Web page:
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Fear & Fatal Power During the Time of Pompey

Written By: Joe Wolverton, II  |  Posted: Tuesday, July 20th, 2010

Pompey Since the days when Mark Antony's grandfather patrolled the coasts of the Mediterranean searching for the distinctive gilded-stemmed masts of their lightweight vessels, pirates from Cilicia (modern-day Cukorova, Turkey) had vexed Roman shipping lanes. The pirates brigandry was particularly irksome for generations of Roman political leaders because the peace and stability of the massive Roman populace depended on the free, uninterrupted movement of goods from the other parts of their vast empire. Without this crucial supply of commodities, storehouses would empty, the people would go hungry, and riots would enflame the streets that run serpentine among the Seven Hills.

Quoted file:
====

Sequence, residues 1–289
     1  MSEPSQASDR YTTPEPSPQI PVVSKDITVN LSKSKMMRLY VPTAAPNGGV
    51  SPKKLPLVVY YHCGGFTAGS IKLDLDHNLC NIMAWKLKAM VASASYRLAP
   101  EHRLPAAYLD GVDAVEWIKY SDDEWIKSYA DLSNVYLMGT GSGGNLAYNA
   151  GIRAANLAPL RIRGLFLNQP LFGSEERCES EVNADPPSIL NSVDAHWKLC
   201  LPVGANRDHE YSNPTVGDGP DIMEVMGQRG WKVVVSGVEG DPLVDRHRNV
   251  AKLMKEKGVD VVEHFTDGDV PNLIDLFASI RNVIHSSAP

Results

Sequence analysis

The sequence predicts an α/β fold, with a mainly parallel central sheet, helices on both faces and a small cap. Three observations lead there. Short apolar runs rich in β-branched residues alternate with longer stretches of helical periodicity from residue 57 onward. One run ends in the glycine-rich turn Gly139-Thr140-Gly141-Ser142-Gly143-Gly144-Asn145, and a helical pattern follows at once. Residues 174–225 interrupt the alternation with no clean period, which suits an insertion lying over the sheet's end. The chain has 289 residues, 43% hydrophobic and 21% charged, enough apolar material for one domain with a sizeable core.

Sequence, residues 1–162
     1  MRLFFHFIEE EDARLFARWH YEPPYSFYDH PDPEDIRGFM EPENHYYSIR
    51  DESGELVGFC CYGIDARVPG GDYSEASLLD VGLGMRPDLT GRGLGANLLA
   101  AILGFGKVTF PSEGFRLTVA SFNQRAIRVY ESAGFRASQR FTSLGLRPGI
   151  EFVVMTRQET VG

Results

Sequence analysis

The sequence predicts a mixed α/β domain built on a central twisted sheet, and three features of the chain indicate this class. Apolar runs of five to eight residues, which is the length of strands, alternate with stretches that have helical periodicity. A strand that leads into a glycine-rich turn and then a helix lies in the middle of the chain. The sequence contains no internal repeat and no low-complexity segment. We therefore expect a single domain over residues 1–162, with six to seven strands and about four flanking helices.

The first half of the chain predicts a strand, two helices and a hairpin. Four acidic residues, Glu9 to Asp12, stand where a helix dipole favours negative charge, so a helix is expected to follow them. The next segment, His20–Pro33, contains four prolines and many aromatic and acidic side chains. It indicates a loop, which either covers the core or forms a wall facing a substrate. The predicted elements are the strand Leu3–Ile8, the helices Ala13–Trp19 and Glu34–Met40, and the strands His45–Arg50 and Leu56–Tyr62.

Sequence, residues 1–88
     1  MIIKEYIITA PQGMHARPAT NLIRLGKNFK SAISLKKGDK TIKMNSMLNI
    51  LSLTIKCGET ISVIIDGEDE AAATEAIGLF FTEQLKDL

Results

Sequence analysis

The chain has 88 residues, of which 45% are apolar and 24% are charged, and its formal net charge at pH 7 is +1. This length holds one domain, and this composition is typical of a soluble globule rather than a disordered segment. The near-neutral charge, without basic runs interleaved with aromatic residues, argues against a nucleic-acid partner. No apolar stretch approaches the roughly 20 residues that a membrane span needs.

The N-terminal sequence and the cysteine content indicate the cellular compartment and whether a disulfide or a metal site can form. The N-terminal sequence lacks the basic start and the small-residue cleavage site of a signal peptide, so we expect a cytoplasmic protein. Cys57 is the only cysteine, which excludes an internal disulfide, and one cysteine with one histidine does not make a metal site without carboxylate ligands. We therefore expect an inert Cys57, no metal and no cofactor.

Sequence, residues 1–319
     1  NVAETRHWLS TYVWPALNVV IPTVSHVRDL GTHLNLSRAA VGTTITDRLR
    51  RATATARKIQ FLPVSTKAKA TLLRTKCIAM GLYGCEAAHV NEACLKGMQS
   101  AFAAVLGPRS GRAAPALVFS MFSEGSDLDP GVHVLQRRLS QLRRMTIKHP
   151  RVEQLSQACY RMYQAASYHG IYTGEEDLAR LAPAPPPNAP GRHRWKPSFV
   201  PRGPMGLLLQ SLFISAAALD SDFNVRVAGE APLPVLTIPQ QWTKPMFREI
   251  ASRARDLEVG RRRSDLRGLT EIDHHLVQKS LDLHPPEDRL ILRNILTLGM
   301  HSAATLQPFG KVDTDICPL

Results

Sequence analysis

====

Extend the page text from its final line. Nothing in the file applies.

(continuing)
In 68 B.C., the Cilician pirates ratcheted their attacks on Roman interests up a notch. The bustling port at Ostia was their target. These brazen buccaneers sailed in and set the port on fire. The amber glow could be seen at night from the alleys and rooftops of Rome herself. The people were petrified with fear.
Rampant fear followed news of the assault: fear of famine, fear of death, fear of unsafe passage along the now-ancient roads connecting Italy's coasts, rich with the bounty of the world, to the teeming interior, principally its capital - the Eternal City of Rome. The specter of privation and vicious terrorism so close to home inspired fright in the common man, and the frenzy was whipped up by none other than Aulus Gabinius, who reckoned the arc of his own position and ambition would be best served by hitching the wagon of his fortune to the star of Gnaeus Pompeius Magnus - Pompey the Great. He was not wrong.

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